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Ferrari "studying" history-making works Le Mans entry

Ferrari "studying" history-making works Le Mans entry



Ferrari "studying" history-making works Le Mans entry

Ferrari "studying" history-making works Le Mans entry

Ferrari is "studying" the possibility of entering Le Mans with its own works Prototype car for the first time.

While Ferrari has been renowned for taking part in the GT class at Le Mans and in the Le Mans Series over the years, it has never developed its own LMP car.

Ferrari did enter a 333SP in the WSC class, the forerunner to LMP, in the 1994 Le Mans, but that was designed by Dallara and built by Michelotto.

The need to diversify its motorsport portfolio, which also includes the prospect of competing in IndyCar, comes as the Formula 1 team prepares itself for the imposition of a budget cap for next year.

As part of the cost-saving programme, Ferrari recognises a number of its employees will need to be moved across to other areas.

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"The welfare and wellbeing of our employees, as we have proven through this pandemic, is priority number one, and yes, we are looking at reallocating those resources to other activities," said CEO Louis Camilleri in an interview with this writer.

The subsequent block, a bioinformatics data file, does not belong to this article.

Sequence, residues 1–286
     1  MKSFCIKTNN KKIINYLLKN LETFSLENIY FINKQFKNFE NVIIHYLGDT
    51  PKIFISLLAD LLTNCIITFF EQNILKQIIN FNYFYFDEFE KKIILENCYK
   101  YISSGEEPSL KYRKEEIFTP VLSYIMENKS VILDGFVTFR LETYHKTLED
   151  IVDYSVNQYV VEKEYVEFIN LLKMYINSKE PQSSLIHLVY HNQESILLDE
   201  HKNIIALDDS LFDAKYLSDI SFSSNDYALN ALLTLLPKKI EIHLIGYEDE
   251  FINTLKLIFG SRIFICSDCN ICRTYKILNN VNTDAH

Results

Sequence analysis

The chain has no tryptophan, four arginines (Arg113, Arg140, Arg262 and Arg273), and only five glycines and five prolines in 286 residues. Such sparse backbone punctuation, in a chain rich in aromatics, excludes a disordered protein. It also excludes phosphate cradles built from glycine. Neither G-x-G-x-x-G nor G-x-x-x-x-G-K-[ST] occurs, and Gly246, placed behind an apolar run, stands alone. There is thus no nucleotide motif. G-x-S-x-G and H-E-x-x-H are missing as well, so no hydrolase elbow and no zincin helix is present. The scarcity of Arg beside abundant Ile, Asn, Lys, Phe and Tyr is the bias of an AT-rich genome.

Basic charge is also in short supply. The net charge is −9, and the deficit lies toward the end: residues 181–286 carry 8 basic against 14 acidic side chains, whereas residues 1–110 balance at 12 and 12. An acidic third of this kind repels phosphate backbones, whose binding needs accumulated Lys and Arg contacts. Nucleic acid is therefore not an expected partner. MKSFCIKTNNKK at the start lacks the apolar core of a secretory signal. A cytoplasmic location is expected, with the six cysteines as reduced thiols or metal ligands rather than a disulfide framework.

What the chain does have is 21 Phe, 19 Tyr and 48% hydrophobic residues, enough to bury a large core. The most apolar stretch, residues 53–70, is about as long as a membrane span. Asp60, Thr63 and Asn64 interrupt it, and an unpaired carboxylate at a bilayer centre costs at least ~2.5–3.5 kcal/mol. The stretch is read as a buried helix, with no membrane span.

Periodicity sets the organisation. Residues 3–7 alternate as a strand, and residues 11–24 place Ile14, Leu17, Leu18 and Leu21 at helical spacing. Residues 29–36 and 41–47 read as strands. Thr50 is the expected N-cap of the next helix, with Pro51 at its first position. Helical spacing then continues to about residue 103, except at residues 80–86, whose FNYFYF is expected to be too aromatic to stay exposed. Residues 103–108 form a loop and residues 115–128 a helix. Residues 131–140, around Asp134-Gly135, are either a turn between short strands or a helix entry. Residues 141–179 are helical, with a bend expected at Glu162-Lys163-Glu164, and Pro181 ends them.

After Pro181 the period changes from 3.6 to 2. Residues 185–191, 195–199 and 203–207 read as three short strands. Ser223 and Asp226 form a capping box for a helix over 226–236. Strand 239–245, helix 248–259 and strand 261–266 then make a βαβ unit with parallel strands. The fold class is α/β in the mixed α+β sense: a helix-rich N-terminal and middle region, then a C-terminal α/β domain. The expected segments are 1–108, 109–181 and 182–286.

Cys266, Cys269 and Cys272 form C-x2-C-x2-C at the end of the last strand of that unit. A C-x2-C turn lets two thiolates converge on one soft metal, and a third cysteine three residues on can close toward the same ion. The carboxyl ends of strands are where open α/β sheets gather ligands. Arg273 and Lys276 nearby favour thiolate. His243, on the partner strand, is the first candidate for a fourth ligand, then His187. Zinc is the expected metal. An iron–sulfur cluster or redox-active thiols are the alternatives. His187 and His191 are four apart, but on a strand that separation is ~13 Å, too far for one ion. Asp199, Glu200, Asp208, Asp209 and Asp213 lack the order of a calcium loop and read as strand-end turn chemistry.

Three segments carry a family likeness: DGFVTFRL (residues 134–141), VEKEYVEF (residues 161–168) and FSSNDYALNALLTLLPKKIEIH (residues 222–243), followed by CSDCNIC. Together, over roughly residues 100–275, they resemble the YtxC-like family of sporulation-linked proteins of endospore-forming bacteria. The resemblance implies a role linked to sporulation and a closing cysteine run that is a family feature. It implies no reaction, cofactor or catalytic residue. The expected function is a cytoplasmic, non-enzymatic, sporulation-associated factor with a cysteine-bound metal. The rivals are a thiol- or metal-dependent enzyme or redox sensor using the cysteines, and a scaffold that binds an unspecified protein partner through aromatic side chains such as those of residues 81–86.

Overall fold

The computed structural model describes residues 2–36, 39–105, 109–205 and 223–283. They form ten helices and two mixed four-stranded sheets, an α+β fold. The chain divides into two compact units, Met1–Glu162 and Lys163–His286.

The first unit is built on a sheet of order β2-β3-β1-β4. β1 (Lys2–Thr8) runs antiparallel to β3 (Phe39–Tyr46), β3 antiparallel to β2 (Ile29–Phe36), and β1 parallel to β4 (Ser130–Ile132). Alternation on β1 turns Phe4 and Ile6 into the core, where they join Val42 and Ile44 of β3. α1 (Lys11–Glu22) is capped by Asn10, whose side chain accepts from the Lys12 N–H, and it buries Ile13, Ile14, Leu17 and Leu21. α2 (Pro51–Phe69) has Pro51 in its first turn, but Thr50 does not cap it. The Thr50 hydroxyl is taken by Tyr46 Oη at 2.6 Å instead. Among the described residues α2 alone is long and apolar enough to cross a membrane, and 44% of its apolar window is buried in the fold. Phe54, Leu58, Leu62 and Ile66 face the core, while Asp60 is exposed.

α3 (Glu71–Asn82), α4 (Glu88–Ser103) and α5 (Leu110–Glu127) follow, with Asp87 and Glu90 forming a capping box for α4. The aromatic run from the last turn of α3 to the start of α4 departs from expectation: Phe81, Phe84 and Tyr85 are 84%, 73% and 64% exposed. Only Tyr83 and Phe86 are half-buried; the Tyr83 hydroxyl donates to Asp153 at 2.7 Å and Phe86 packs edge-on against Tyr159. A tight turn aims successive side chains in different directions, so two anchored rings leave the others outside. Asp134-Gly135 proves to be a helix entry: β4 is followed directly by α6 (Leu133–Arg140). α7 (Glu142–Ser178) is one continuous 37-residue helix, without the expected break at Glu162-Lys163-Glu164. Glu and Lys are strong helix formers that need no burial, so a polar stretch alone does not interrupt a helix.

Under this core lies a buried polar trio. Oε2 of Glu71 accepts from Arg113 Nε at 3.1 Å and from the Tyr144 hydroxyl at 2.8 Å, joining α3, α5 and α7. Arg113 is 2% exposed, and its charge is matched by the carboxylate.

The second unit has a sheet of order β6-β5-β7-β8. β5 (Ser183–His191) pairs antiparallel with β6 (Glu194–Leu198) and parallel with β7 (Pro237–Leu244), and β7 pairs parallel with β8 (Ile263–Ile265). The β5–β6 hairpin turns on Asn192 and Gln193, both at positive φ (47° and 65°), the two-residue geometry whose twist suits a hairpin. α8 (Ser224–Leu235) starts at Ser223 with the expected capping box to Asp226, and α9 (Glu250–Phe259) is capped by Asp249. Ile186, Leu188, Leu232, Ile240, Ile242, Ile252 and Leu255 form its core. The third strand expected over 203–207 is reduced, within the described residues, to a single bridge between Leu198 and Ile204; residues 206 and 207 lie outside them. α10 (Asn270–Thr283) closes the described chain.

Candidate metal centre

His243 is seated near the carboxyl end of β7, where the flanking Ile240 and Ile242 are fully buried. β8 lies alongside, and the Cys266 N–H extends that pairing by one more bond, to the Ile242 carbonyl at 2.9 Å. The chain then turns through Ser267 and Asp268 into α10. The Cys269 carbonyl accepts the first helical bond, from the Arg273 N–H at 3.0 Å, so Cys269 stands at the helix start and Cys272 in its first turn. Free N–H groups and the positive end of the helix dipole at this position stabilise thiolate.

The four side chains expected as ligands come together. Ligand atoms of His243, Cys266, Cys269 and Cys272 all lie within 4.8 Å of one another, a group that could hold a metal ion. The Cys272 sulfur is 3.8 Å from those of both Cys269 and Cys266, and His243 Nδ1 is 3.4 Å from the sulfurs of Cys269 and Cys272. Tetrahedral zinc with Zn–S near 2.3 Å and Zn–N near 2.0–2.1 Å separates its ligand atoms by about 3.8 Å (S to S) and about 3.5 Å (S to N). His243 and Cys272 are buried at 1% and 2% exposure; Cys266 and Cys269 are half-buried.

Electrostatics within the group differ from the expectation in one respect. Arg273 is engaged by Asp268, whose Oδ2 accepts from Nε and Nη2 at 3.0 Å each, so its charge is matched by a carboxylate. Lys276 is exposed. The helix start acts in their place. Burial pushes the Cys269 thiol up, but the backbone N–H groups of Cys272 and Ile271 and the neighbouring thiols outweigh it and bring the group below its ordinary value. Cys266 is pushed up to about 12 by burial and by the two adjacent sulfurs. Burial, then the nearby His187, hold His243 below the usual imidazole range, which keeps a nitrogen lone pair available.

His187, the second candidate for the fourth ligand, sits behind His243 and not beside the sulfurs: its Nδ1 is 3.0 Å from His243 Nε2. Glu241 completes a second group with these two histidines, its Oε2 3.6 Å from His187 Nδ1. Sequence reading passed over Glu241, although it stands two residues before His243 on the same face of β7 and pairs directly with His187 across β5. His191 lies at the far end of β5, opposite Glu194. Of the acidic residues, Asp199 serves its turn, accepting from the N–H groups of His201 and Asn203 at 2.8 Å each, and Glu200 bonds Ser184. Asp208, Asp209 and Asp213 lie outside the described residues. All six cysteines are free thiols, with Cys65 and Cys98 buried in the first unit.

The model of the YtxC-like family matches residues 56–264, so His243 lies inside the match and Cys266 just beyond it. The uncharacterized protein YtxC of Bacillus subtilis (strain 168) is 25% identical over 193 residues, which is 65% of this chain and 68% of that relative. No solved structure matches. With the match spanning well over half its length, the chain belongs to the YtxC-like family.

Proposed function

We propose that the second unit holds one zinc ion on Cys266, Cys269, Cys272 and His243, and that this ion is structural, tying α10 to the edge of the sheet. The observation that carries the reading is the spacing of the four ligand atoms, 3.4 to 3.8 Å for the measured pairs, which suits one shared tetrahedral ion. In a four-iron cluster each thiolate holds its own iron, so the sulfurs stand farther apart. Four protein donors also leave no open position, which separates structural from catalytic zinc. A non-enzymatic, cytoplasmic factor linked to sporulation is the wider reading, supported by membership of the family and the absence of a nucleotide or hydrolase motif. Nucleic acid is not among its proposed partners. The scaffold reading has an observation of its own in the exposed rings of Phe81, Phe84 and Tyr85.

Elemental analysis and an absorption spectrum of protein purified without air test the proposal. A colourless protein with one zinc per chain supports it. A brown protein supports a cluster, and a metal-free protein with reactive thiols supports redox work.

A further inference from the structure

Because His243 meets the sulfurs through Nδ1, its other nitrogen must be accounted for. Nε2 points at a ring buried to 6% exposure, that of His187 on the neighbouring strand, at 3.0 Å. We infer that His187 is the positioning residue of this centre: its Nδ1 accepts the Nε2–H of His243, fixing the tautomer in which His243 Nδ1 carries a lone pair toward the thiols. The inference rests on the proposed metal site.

"One of them, clearly and the most important is shifting those resources to the GT side, which is the road cars, but also potentially, IndyCar is one.

"We're studying Indy. It depends somewhat on the flexibility they will come up with in terms of their future regulations because the chassis is standard, and aero is pretty standardised as well, which they've done as a cost-containment exercise

"We'll see, we're studying it. We haven't decided one way or another yet, while potentially Le Mans is another one we are studying very carefully. As you know there are two categories [of LMP] so we are studying both."

Camilleri has confirmed that Ferrari will not follow a number of other leading manufacturers into Formula E. Mercedes, Jaguar, Audi, Porsche and Nissan all now take part.

Addressing why it is not on the agenda, Camilleri said: "Mainly because we don't feel it's necessarily road relevant, and two, that a lot of Formula E is very standardised.

"We like to go to places where we can differentiate ourselves. It's hard to see where you can get a competitive edge."

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